Special Seminar Tuesday, December 15

Speaker:
Ben Ovryn, Ph.D.
Associate Professor
Department of Anatomy and Structural Biology
Gruss-Lipper Biophotonics Center
Albert Einstein College of Medicine

 

Title:
Modeling and single molecule tracking of glycoprotein motility in the vicinity of integrin adhesions and on membrane connections between cells.

 

Location:
Fenster Hall Room 698

 

Time:
10:00 -- 11:00 AM

 

Abstract:
  The surface of all eukaryotic cells is covered with a dense layer of glycans. Although cell surface glycoproteins affect numerous physiological processes and aberrant cell-surface glycosylation has been implicated in cancer, inflammation and other diseases, the functions of glycans remain poorly understood. Using a combination of bioorthogonal click reactions, super-resolution imaging, interference microscopy and single molecule tracking, we are able to observe the dynamics of cell-surface glycans on live cells with high spatial and temporal resolution. With these tools, we seek to unravel the mechanisms that govern the interactions of glycoproteins with integrins at cell-matrix adhesions and the role of glycoproteins in cell-cell interactions.

     Because glycoproteins are considerably longer than integrins, they should locally inhibit integrins from binding to ligands on the extracellular matrix. We have developed a model which incorporates the energetics that govern the nucleation, growth and disassembly of early integrin adhesions in the presence of these long repeller molecules and we seek experimental verification of several of our model predictions. Among the glycoproteins that diffuse on the cell surface with extensions into the extracellular space, we are particularly interested in imaging heparan sulfate proteoglycans; these molecules are known to play a role in adhesion and mechanotransduction, but their interactions with integrins are not yet understood.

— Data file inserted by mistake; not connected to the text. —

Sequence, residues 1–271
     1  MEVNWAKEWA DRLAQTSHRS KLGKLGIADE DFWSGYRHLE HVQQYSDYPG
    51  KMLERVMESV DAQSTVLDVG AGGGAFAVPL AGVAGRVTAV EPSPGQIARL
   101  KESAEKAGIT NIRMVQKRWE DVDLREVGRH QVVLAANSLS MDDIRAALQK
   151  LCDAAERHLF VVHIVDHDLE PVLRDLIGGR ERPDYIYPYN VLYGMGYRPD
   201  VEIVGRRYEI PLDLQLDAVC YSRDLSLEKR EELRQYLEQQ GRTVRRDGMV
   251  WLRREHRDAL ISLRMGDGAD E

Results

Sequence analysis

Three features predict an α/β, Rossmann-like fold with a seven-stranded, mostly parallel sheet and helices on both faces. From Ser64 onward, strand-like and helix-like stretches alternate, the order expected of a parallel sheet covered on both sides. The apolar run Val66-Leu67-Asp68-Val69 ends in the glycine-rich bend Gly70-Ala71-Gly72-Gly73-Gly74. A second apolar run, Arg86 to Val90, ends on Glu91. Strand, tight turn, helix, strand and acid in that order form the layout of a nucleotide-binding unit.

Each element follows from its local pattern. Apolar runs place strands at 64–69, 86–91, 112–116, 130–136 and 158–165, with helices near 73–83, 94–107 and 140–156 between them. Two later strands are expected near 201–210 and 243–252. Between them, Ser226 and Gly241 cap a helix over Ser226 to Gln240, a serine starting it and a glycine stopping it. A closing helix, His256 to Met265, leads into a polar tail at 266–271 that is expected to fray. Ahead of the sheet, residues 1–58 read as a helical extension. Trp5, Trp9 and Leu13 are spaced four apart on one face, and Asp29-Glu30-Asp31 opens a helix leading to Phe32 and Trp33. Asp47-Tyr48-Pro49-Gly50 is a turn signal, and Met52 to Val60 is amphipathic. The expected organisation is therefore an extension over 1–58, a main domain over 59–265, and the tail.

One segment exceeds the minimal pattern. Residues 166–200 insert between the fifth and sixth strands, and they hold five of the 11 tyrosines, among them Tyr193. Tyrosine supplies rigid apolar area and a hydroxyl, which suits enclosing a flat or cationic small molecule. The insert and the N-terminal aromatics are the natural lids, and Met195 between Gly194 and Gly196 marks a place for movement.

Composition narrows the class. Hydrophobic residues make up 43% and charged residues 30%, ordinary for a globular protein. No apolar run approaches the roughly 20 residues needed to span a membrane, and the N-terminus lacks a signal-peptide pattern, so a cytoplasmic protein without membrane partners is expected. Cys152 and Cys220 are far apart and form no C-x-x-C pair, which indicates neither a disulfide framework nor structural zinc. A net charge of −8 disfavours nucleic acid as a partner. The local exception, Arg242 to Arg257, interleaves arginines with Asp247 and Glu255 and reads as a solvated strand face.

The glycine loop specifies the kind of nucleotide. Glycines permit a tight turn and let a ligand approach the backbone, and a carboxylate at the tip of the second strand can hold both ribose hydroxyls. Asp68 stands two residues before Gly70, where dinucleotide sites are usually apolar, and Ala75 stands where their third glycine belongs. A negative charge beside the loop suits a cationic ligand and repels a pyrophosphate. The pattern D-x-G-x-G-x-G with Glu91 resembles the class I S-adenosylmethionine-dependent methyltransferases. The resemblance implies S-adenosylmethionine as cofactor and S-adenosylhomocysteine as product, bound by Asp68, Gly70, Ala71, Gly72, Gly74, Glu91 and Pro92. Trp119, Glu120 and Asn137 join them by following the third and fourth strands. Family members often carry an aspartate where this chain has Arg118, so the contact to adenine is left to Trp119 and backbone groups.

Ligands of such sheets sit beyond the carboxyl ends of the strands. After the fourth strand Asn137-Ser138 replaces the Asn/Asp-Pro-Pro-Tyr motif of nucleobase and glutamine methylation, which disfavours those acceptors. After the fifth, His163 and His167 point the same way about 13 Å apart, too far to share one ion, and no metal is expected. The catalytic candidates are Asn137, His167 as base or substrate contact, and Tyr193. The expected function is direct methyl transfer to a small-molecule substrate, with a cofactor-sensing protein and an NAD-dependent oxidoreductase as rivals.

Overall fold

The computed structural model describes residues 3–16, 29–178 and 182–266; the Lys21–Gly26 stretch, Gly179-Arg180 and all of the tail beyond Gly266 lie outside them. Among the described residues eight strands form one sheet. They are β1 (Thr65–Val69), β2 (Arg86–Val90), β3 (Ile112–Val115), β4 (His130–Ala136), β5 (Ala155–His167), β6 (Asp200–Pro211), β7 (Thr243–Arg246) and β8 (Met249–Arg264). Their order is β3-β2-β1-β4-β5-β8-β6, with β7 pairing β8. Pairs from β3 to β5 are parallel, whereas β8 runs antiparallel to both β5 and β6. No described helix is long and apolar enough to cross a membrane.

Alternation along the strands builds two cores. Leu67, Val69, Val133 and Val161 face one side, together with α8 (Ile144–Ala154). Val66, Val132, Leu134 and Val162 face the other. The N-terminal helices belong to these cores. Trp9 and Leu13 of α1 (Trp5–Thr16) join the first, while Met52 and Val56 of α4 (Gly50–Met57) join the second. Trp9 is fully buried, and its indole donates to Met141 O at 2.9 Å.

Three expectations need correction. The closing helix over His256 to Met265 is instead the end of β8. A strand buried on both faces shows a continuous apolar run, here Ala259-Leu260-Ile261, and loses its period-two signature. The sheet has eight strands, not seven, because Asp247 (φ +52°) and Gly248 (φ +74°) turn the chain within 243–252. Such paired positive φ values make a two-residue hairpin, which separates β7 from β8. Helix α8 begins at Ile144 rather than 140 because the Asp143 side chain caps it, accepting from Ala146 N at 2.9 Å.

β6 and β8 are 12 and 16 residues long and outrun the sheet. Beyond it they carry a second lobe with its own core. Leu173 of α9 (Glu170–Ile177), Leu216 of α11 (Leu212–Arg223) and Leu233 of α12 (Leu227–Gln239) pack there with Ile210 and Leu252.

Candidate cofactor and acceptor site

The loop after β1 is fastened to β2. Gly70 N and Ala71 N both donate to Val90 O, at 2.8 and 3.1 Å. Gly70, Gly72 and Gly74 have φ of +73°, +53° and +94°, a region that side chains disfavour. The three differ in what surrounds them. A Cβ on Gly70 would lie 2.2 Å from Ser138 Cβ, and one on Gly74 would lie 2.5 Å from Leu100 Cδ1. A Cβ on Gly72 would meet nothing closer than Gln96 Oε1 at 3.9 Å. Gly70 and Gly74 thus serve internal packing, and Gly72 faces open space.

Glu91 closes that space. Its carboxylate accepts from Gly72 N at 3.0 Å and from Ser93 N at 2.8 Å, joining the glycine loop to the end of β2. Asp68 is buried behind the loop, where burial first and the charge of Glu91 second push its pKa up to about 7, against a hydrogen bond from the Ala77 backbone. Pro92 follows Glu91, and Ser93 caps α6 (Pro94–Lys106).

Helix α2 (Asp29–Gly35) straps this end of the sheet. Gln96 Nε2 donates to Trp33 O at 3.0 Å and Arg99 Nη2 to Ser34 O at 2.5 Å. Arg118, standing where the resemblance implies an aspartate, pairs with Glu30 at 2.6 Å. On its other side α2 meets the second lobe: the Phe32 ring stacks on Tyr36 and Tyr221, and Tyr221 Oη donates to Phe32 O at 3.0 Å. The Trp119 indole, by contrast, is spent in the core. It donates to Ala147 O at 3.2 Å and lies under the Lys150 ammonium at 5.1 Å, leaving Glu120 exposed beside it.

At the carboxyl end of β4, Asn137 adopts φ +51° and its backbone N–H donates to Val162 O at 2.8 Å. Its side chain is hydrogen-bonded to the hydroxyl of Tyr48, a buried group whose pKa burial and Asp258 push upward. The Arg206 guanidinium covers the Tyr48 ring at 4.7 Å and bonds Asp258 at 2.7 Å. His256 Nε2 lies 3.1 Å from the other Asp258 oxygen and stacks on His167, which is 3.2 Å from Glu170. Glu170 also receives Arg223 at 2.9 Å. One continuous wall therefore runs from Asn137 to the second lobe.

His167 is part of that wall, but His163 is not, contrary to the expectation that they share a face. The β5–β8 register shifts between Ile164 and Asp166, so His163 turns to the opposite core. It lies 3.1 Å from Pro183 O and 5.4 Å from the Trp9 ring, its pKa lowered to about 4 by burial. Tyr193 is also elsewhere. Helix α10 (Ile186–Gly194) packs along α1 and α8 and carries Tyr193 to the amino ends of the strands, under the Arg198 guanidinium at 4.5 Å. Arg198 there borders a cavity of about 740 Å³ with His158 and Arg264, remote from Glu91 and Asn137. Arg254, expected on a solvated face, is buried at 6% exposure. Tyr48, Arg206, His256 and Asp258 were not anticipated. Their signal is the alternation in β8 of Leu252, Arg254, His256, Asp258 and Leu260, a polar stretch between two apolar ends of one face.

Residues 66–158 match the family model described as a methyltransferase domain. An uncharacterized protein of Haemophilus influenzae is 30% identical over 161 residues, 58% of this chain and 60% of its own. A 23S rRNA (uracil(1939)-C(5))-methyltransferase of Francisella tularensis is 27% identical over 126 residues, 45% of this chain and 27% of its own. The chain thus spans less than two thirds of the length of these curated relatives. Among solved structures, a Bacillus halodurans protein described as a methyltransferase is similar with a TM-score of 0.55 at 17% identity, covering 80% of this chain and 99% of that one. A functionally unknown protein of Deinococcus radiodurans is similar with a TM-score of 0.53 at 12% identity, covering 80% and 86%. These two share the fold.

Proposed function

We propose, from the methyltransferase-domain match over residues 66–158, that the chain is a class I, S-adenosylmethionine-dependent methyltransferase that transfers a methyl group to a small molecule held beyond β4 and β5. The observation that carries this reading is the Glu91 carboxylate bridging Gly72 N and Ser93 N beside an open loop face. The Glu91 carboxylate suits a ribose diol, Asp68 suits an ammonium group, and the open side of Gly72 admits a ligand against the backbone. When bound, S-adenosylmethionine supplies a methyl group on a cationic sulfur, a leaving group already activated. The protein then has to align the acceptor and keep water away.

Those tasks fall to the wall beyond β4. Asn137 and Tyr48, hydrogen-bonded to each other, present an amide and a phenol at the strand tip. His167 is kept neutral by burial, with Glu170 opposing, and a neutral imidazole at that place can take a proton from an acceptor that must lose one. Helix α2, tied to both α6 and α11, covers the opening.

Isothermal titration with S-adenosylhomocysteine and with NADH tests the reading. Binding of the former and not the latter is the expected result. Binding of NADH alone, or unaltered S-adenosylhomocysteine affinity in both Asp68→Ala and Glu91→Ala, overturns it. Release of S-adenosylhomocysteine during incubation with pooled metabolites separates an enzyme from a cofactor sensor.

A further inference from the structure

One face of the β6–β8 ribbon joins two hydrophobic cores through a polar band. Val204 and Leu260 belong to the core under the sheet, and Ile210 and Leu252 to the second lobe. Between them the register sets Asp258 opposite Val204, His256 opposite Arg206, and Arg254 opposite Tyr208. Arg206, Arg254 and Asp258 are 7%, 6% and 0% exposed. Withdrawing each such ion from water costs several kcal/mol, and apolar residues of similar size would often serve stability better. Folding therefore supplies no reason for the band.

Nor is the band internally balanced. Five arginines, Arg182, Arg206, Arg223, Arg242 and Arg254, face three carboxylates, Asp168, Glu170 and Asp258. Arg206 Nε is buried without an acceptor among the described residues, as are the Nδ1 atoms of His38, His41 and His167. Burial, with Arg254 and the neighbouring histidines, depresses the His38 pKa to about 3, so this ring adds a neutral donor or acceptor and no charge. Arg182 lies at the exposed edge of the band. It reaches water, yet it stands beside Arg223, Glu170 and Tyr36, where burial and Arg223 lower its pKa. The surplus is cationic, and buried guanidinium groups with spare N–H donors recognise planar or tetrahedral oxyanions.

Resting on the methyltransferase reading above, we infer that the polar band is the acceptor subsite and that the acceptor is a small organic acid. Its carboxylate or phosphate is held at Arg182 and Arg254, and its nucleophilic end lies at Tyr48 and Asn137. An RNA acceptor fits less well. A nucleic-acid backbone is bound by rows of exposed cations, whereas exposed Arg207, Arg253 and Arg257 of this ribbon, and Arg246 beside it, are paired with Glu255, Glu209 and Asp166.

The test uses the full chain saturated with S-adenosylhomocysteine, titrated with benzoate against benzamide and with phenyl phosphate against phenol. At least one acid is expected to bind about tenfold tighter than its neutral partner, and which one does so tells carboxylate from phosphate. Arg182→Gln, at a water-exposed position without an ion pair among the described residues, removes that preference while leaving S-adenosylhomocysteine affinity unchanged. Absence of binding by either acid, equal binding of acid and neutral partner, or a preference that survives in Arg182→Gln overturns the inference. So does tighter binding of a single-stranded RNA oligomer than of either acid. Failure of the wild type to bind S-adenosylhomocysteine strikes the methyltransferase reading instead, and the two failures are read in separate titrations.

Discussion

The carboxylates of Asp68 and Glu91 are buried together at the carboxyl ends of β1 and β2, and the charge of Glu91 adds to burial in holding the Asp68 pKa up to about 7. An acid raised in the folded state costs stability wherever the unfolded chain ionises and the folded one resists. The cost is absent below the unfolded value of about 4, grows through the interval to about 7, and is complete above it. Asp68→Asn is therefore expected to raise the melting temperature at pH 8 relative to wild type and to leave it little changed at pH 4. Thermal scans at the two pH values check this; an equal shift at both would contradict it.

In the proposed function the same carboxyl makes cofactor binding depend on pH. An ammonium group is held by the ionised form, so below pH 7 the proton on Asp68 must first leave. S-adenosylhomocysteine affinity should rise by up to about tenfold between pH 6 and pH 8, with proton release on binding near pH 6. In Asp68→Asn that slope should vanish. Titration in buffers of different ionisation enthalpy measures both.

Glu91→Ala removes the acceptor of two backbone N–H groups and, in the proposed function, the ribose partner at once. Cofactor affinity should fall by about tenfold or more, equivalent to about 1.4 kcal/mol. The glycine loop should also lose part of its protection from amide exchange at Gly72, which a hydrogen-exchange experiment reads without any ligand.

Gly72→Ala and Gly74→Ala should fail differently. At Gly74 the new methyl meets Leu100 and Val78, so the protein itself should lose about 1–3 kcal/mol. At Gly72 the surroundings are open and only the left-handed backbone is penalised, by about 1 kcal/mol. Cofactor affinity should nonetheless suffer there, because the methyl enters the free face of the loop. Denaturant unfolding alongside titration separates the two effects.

Our experimental approach has also enabled us to visualize the dynamic nature of tunneling nanotubes connections between cells and to track the movement of glycosylated receptors along the surface of these membranes with single molecule resolution. We are exploring the implications of the observed viscoelastic behavior associated with these nanotubes.